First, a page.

Muscles of the neck. Anterior view.




The arch of the aorta, and its branches.




Superficial dissection of the right side of the neck, showing the carotid and subclavian arteries.




Diagram showing common arrangement of thyroid veins.




Sagittal section of nose mouth, pharynx, and larynx.




Muscles of the pharynx, viewed from behind, together with the associated vessels and nerves.




The position and relation of the esophagus in the cervical region and in the posterior mediastinum. Seen from behind.




Section of thyroid gland of sheep. X 160.




The thymus of a full-term fetus, exposed in situ.




Thyoid histology





هذا بحث منقول من موقع بيكيديا على هذا الرابط

http://en.wikipedia.org/wiki/Thyroid


الرعد غير متصل   رد مع اقتباس
قديم 02 - 04 - 2008, 18:11   رقم المشاركة : [3]
..:: زائر جديد ::..
 

غــ عمري ــلا is on a distinguished road
افتراضي

يعطيك العافية اخوي الرعد

بصراحة مب عارفة شلون اشكر


غــ عمري ــلا غير متصل   رد مع اقتباس
قديم 02 - 04 - 2008, 19:04   رقم المشاركة : [4]
..:: من سكان المدينة ::..
 

حسين حبيب is on a distinguished road
افتراضي

Thyroid cancer

Causes

[IMG]http://*********************.revolutionhealth.com/*********************images/images-image_popup-thyroid.jpg[/IMG]


Your thyroid gland is composed of two lobes that resemble the wings of a butterfly separated by a thin section of tissue called the isthmus. The thyroid takes up iodine from the food you eat and uses it to manufacture two main hormones, thyroxine (T-4) and triiodothyronine (T-3). These hormones maintain the rate at which your body uses fats and carbohydrates, help control your body temperature, influence your heart rate and regulate the production of protein. Your thyroid gland also produces calcitonin, a hormone that regulates the amount of calcium in your blood.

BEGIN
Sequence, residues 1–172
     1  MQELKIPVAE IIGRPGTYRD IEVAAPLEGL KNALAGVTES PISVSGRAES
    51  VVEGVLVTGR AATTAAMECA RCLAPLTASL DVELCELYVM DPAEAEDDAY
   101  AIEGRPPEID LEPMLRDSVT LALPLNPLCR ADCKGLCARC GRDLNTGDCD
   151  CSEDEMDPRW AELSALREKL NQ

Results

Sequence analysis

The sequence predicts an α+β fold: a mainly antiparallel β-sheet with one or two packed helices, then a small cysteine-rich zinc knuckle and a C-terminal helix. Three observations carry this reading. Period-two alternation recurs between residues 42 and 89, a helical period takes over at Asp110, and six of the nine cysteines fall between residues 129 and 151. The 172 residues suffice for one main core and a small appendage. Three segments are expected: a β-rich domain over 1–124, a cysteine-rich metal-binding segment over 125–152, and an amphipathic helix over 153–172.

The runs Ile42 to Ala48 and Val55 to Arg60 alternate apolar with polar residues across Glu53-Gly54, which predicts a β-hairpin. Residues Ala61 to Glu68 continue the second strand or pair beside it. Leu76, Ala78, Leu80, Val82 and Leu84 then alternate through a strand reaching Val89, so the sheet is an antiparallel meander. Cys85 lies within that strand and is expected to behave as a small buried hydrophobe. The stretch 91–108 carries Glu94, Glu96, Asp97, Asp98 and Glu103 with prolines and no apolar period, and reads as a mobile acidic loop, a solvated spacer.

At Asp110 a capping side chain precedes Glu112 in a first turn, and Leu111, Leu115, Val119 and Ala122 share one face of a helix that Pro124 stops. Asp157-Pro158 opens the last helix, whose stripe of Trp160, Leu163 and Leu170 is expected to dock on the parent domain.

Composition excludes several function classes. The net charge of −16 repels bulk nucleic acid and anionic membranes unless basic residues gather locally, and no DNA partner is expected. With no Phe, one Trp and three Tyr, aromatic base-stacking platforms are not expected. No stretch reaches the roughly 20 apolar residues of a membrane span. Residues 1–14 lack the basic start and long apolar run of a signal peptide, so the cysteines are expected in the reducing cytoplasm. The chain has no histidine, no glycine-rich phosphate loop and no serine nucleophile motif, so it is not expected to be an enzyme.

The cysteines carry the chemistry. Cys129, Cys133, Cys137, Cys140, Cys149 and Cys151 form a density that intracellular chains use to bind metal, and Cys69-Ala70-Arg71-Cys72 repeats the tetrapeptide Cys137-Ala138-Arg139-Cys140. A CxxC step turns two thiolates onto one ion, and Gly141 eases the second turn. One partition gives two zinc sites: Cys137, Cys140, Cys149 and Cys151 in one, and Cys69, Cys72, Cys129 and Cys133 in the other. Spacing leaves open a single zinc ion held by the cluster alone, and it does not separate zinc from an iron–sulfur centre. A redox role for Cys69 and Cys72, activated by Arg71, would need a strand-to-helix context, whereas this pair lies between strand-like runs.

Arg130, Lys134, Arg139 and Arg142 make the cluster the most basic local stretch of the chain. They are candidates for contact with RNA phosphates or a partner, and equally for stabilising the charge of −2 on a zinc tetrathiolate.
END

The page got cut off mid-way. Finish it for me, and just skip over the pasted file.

The thyroid contains two main types of cells. Follicle cells make the thyroid protein thyroglobulin and produce and store thyroxine and triiodothyronine. Other cells, called C cells (parafollicular cells), produce calcitonin. The distinction is important because each type can give rise to different types of cancer.
Papillary and follicular cancers develop in follicle cells. They account for the great majority of thyroid cancers, can usually be completely removed with surgery and generally result in an excellent prognosis. Medullary cancer, on the other hand, arises in the thyroid's C cells and is generally more aggressive and harder to treat than papillary and follicular cancers are.
The types of thyroid cancer include:
  • Papillary cancer
  • Follicular cancer
  • Medullary cancer
  • Anaplastic cancer
  • Thyroid lymphoma
Papillary cancer (papillary carcinoma, papillary adenocarcinoma)
This is the most common type of thyroid cancer. It develops from thyroid follicle cells and usually appears as a single mass in one lobe of the thyroid. Anyone, including children, can develop papillary cancer, but it's most common in women who are between 30 and 50 years of age.